headed by Gov. John H. Sununu (R).
The sudden deflation of the Bush candidacy began at the end of the Iowa campaign, according to campaign sources and close associates of the vice president. There had been many long-term factors, including the Iran-contra affair, and polling showed even before Iowa that Bush's lead here was beginning to evaporate. But sources said everything seemed to come unglued when George Wittgraf, Bush's Iowa chairman, unleashed a harsh written attack on Dole, accusing the senator of mean-spiritedness, cronyism and sinking the 1976 Republican ticket.
Although the exact origins of the Wittgraf statement remain unclear, Bush and his wife, Barbara, were said to be privately furious. But publicly, the vice president seemed paralyzed over the episode. Out of loyalty to Wittgraf, who had worked for him for nine years, Bush refused to denounce the statement. He also refused to endorse it. He even pretended for a day that he had not read it.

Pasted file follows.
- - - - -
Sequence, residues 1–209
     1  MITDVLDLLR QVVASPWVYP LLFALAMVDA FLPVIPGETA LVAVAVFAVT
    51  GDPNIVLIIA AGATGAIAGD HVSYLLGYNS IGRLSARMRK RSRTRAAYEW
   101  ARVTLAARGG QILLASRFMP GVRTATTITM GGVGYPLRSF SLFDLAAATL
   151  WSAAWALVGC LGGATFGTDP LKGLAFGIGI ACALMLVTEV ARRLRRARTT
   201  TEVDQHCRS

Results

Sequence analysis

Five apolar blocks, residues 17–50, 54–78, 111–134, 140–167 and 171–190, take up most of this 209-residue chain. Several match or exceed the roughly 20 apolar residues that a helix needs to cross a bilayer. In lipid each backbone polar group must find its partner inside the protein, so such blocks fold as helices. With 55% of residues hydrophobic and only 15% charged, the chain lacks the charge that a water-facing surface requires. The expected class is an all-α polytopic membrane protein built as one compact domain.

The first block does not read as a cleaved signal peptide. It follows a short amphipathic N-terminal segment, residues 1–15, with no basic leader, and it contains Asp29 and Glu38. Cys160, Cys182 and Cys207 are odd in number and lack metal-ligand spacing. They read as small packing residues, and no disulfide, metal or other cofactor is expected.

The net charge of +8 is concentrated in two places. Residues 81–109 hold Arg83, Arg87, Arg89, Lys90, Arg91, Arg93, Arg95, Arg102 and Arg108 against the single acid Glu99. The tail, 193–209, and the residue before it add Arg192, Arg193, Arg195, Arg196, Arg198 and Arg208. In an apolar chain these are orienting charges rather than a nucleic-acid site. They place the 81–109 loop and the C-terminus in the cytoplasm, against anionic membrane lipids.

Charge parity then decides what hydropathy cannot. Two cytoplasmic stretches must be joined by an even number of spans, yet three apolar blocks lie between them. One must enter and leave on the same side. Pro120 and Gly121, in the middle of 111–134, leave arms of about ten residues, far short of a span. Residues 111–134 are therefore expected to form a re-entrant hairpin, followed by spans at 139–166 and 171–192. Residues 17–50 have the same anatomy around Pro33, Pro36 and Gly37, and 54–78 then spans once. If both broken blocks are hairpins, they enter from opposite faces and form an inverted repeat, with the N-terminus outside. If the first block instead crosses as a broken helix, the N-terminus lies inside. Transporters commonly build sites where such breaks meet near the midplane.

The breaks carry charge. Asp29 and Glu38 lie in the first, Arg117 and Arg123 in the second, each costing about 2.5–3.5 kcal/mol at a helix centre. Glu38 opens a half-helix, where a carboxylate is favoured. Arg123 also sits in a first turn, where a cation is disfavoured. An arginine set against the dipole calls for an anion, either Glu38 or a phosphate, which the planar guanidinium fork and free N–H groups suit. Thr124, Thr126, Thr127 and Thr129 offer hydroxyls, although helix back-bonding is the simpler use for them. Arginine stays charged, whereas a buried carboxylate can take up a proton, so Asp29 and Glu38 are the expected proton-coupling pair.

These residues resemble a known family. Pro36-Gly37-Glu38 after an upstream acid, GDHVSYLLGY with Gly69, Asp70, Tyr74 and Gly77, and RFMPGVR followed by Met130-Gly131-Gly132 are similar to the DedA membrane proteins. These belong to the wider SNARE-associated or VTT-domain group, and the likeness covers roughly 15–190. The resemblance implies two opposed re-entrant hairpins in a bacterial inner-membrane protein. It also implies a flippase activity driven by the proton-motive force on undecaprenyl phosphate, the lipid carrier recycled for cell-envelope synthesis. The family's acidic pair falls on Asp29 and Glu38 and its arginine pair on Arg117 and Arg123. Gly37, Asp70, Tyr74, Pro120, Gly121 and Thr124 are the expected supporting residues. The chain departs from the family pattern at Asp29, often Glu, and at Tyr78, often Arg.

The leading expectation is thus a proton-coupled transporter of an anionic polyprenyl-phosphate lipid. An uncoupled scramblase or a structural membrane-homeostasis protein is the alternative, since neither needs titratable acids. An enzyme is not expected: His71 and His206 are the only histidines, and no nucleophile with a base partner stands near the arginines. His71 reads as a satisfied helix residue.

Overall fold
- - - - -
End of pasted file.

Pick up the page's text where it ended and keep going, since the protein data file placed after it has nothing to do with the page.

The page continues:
Internally, his strategists saw the final, precious days of Iowa campaigning slip away as the episode dominated the news. It also had another effect on Bush: it made him even more reluctant to accept hardball tactics when he was fighting for his life in New Hampshire.
On the night of the Iowa defeat, Bush flew here, exhausted. He was met by former senator Nicholas Brady, (R-N.J.) and Bush told his staff, "Don't let anybody get down." The next morning, Bush told his chief of staff Craig Fuller to "fix the schedule," and scrap a trip to New Orleans.
But the first day in New Hampshire after the Iowa defeat was a disaster, according to sources. Bush started the day by mimicking Dole's successful Iowa slogan, telling audiences, "I'm one of you." He used it eight times in a morning speech at the suggestion of his old friend Brady. But a few hours later he dismissed it as an attempt at humor and told reporters he would drop it. Some of the advisers did not think it was funny -- in terms of sharpening Bush's message and offering voters a reason to pick Bush over Dole, they felt they had forfeited the first 24 hours.